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U.S. loses control of weather satellite, assigns backup

WASHINGTON (Reuters) - U.S. officials have lost control over one of a series of satellites used to provide weather data to military aircraft, but the use of a backup satellite means there will be no change to service, the Air Force said on Thursday.

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A winter storm affecting the U.S. East Coast is seen in a NOAA image from the Suomi NPP satellite taken at approximately 02:15 am ET (07:15 GMT) January 23, 2016. REUTERS/NOAA/Handout via Reuters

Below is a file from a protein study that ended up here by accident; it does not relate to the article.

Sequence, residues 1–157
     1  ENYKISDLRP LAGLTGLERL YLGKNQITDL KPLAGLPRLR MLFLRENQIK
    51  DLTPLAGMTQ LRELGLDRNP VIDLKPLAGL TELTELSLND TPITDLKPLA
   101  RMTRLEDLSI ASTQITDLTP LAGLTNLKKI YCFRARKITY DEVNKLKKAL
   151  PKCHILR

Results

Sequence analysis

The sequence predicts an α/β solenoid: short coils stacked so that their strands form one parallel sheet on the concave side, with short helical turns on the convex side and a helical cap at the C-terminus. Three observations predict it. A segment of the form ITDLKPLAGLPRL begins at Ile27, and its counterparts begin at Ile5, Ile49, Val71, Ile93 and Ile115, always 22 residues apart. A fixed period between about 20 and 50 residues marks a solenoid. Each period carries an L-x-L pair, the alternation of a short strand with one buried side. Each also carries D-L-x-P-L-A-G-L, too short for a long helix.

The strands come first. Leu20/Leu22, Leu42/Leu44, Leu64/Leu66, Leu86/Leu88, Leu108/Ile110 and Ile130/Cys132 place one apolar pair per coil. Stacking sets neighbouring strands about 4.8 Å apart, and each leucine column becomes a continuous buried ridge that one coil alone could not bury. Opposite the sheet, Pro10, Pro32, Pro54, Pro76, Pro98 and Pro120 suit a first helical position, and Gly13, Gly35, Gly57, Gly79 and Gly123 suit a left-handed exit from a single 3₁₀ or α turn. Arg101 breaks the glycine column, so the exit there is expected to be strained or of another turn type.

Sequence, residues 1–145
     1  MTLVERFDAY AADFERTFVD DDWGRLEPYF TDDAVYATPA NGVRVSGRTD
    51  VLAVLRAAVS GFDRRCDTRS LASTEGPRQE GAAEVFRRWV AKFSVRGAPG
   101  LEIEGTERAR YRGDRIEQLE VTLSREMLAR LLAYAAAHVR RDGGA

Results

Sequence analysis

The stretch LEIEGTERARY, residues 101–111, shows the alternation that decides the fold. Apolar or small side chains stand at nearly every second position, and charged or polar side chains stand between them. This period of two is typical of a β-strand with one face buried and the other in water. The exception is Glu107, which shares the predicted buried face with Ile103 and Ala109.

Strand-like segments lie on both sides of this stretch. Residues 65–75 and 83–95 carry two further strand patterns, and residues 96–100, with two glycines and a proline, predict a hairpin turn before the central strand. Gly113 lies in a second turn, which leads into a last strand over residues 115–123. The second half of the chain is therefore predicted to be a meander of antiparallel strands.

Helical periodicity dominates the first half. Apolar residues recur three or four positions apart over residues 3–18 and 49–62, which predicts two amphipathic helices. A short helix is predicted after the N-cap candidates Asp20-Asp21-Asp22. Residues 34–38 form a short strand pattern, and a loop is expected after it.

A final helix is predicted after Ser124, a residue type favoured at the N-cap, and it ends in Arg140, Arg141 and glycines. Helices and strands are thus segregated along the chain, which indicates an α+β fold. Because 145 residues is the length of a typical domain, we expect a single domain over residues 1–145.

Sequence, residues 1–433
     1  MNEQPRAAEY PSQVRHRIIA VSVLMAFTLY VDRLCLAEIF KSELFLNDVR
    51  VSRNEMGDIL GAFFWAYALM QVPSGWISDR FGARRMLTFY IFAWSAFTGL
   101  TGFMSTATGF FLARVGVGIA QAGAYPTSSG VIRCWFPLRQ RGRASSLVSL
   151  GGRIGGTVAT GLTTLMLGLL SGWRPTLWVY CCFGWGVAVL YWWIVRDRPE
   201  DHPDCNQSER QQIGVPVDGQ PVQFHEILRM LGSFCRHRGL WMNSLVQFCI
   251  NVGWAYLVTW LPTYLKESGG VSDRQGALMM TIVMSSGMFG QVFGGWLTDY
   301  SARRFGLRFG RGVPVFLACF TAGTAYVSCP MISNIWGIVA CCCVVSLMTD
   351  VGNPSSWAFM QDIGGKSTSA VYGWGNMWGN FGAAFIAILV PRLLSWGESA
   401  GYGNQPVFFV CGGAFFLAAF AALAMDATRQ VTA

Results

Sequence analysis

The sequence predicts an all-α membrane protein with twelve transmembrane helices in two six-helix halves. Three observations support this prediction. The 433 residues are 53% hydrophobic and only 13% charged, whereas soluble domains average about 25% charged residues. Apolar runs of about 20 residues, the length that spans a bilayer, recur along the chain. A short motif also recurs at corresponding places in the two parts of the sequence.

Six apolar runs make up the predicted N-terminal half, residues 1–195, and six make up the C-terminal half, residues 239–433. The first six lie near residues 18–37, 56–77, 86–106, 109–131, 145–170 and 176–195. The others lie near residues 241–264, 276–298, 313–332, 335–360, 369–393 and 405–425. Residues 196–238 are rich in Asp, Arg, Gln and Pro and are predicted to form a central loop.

WASHINGTON (Reuters) - U.S. officials have lost control over one of a series of satellites used to provide weather data to military aircraft, but the use of a backup satellite means there will be no change to service, the Air Force said on Thursday.

Control was lost on Feb. 11, and officials are unsure whether it can be regained, the Air Force said in a statement.

The military weather satellite program is jointly run in Suitland, Maryland, by the National Oceanic and Atmospheric Administration and the Air Force.

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